One of the emergent leaders of years past, Tony Jones, has been creeping further and further away from classical Christian orthodoxy and into some territory that Christian history does not look on with favor. Besides denying the doctrine of the Trinity, Jones is obsessed with aberrant sexuality. One glance at the larger blog will serve as evidence. There is nothing un-Christian about paying attention to a theology and anthropology of sexuality, but I’m not sure he is looking at the issues from an angle that will produce useful conclusions.
In any event, his positions on sexuality have been accused of being the first steps in a slippery slope, and in this video he responds.
To the matter that slippery-slope argumentation is fallacious, I think we need to be careful about what we mean. I know it is a form of argument that can be pulled out of a person’s pocket at any moment to be used as a scare tactic, and that often the reasoning is rather non sequitor, but that does not make the argument automatically fallacious. There is work out there that establishes forms of “slippery-slope” argumentation that is not fallacious, but in the sense in which Jones is using it the real proof is in the pudding. Can we point to actual, real-world examples of slipping slopes when a society’s attitude toward sexuality, family and marriage change? I think so. Slippery slopes do exist.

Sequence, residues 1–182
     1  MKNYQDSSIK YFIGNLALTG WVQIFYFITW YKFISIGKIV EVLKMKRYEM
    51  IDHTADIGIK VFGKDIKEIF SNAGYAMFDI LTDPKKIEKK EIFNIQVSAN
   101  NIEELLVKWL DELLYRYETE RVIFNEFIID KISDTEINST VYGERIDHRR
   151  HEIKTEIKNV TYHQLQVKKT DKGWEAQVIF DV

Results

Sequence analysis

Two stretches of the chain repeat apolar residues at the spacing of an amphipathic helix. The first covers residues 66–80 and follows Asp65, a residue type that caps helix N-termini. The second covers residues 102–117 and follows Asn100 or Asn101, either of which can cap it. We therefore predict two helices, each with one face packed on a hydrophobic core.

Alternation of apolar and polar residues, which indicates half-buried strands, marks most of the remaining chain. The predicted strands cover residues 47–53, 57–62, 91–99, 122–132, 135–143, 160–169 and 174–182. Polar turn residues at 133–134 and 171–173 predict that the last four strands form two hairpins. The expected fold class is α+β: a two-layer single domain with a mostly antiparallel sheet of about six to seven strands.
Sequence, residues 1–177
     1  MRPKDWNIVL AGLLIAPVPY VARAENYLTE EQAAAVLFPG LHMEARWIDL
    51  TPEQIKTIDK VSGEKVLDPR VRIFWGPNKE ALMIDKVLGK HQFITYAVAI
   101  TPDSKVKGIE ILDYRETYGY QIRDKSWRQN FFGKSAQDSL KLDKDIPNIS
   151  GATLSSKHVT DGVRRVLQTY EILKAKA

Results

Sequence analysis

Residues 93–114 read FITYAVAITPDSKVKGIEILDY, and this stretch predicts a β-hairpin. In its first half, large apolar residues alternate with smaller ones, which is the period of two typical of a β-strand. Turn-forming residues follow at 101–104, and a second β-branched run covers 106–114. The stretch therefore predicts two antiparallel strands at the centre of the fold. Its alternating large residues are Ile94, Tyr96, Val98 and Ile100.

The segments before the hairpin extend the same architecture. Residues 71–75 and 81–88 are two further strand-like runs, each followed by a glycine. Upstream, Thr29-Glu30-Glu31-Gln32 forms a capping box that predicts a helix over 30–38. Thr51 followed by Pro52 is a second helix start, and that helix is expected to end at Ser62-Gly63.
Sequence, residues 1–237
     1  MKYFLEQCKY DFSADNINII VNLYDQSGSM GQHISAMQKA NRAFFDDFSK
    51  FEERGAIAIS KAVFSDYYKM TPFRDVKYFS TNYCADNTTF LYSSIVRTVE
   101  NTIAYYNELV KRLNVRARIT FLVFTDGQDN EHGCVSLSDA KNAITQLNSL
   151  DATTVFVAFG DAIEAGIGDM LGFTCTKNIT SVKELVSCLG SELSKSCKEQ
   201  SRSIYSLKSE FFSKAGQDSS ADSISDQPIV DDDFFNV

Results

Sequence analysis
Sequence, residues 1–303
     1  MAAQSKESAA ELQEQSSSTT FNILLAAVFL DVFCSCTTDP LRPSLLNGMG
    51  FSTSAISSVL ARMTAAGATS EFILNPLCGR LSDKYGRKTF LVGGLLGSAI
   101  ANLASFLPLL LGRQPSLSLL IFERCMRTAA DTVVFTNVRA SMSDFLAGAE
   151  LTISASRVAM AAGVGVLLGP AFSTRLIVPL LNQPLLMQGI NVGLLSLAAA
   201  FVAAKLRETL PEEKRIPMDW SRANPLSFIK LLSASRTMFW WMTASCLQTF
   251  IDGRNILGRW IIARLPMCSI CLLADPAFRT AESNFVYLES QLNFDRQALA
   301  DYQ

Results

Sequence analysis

But a more fundamental error he makes is to shift the biblical and ethical burden to “monogamy” from “heterosexual.” Despite the machinations of some theologians, Scripture is abundantly clear both in the text and the context that God’s design for sexual expression is within monogamous heterosexual marriage. Jones has reached a point where “monogamous” is the key ethical term, and the words “homosexual” and “heterosexual” are either synonymous or superfluous. They can be swapped out without any change in the rightness/wrongness of the concept. I think he has put all his ethical eggs in the wrong basket.
Ironically, Jones’ current position may be an example of the result of a slippery slope. I think it can be argued that his original and laudable impulse to read our current culture and learn from it has turned into one of the classic theological mistakes: his cultural sensitivity may have slipped into culturally-driven exegesis.
HT: Constructive Curmudgeon